Take a look at this area north of Vicksburgh, Ms, for instance, incidentally, the area of the Famous Teddy Bear Naming Incident:
this whole area is wild because it´s where the Yazoo River meets the Mississippi. You are five minutes out of Vicksburg and you feel like you are 400 years back, not 100 years back like I feel in Vicksburg already!
And everywhere on the river, here seems to be one side or another where they is this almost begrudging gift to nature by the local farmers so that the river has some capacity to withstand the floods, which unannounced to me until now, since I am writing far far from the Mississippi, are occurring as I write, having hit it´s 4th largest crest in history in St. Louis just nine days ago. We´ll see if it registers on the kind of honorary official gauge down in Vicksburgh, which is just a few blocks for the Army Corps office for most of he Main Portion of the River south of the Ohio and Missouri inflows.
to make this more stunning, you can see that we were setting records just two years ago in 2011, and not on the gage, low water level records last year... not to venture off into another discussion of world weather extremes which you are all likely quite familiar with.
So where am I going with this?
Click for Background Music Song 2
I am not defending the levees per se.. I know they have bad effects:
but if you know about the flood of 1927, you know that people wanted to move into the area, and they didn't want to die for the sake of picking cotton or living a life in what they had by then considered to be, for better or for worse, their homes.
Few people know that were it not for the Levees, and The Old River Control Structure, the river likely would have moved over to the Achefalaya and be draining out the Achefalaya Basin by now near Houma, especially given the last few huge floods, 100 miles from it´s current outflow into the gulf of Mexico near Venice, Louisiana, leaving both Baton rouge and New Orleans high and dry, more worried about what to do for water and money than floods.
You see it´s a classic story of people moving to a place that is wild, and taming it, and that is kind of what Environmentalists are against in principal, living in places that are inhospitable, that nature has another plan for, and bending them to your will at the detriment of the natural ecology, but it happened, and man did it happen under King Cotton and the creation of the Corn and Grain Belt! and maybe this is why so many people go the blues down there, because they were worked over hard as he nature there was, but there is a beauty in that resilience, and we now have communities one would consider old communities living there, 200 years old and counting in some cases, and thrivin' cultures, and it would be termed Radical Environmentalism to just tear out the Levees, even if it would be the best for the plants and animals, but this is how things are, the Blues is about accepting, and the compromise is the levee system, and the upside is that it left this scrap of sorts, these river bottoms that are no doubt preserving the biodiversity of this once savage land that was only the home of human natives since the Clovis Man for 12,000-14,000 years, and then was explored by the Spanish, then the French, then the likes of Daniel Boone and later Jim Bowie and the like. it´s been in the last 200 years that man stopped moving for the River, and his effects are obvious from looking at satellite photos now. The Levees could be holding back some of he endless fertilizer and pollution that is part and parcel with intensive cotton farming and so many of the other crops that are the economy of this massive basin, which is creating a dead zone in the Gulf as we speak, oil spills just icing on this foul tasting cake..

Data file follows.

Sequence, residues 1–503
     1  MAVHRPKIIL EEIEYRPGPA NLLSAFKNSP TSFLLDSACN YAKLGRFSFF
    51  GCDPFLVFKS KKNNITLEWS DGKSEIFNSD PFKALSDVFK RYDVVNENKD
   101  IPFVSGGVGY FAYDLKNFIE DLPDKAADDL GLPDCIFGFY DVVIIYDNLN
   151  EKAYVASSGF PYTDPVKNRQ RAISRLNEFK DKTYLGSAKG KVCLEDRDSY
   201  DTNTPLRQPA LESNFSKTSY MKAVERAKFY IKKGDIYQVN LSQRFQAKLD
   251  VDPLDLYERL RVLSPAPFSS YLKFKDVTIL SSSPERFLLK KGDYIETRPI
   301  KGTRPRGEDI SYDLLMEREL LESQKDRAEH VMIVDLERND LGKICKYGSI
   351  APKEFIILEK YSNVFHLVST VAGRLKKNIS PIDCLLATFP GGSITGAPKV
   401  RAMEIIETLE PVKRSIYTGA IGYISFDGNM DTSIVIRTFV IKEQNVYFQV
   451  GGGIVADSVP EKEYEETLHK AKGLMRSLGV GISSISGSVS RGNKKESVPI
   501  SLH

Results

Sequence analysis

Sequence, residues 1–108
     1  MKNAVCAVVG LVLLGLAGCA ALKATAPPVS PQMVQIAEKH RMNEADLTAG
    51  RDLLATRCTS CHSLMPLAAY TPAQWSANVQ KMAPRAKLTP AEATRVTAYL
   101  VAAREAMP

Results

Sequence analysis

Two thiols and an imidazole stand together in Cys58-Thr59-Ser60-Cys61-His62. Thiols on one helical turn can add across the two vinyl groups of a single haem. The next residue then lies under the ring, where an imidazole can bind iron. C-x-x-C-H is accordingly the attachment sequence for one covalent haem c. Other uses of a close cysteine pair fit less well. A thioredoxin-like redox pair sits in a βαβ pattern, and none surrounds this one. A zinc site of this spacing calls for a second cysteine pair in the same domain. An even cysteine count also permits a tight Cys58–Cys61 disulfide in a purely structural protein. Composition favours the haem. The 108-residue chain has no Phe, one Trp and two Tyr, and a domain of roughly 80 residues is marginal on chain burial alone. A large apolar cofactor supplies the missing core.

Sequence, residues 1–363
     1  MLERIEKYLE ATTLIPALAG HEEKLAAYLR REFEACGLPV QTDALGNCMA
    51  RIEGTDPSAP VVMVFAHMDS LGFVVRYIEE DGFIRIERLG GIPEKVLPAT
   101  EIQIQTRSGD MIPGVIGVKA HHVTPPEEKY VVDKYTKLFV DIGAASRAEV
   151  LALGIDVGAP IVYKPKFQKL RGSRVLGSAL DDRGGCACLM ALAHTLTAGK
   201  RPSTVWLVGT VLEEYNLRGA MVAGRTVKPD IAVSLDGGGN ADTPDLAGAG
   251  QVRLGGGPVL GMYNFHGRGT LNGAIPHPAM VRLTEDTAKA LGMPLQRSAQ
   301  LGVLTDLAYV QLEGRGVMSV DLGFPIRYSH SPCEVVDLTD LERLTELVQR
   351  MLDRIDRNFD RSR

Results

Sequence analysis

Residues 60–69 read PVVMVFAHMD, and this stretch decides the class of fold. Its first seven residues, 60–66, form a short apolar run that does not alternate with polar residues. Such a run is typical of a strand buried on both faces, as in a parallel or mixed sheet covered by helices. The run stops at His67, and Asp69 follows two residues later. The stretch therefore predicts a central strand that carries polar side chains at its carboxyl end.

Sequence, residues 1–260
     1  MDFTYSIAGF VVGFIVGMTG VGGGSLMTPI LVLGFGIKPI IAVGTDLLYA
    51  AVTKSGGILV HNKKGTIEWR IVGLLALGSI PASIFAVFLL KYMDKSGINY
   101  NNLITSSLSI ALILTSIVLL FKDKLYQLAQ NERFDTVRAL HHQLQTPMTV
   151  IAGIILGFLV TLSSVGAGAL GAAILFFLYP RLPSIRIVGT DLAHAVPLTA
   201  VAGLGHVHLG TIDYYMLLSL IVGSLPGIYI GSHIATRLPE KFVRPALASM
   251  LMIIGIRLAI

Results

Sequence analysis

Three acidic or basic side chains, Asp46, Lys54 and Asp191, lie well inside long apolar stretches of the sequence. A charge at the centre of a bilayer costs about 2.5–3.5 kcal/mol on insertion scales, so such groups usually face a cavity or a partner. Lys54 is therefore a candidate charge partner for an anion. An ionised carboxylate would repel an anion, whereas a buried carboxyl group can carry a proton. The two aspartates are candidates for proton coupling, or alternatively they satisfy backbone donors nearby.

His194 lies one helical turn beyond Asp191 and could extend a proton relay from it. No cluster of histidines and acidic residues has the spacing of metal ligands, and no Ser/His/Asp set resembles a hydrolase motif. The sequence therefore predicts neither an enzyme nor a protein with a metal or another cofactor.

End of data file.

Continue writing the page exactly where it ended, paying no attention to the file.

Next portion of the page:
The Hope is that in these bottom lands, perhaps sediments are being stored and used to create life and forests and cypress swamps, instead of flooding out into the gulf and creating toxicity, perhaps the Mountain Lion will make his next breeding populations East of South Dakota, the Black Bear might be joined by the Grizzly Someday, the Elk, or maybe a few wolf will find a way past Minneapolis to trot down into the big bottom lands and wooded hills along the river in areas like Winona, MN, or follow it further south, into the River areas of Wisconsin, and if they can hop a lo of farm land, fat with Deer you might imagine, maybe all the way to the wilds near Muscatine or Cairo and Southern MO where the new Elk Population is waiting to be dinner!
Click for Background Music 3
If no one has put this idea together, I now offer it.. maybe its time to take the idea of a contiguous Mississippi River Greenway seriously, and not just the after-effect of other policies.
turns out it has been thought of..
Mississippi river corridor Study 1996
Read the Study
and perhaps I finally found an advocacy group for the whole river, not just one little area like this one in the Minneapolis area:
These guys seem to be takin the macro approach:
Ha.. there's more than one!
Further research shows that the land between the levees is known as Batture, much of it is privately owned, just usually kept fallow and wild, and here is a lot of case precedent to it:
Places to Start... or maybe we just keep it informal the way it is, laid back Southern Style...
Maybe things are lookin' up for the Old Black Water after all, and meanwhile, the critters in the land between the levies will keep on actin' the way they have been since the days of the land of the lost.. one slither, shiver and growl at a time...
Click for Closing Credits Music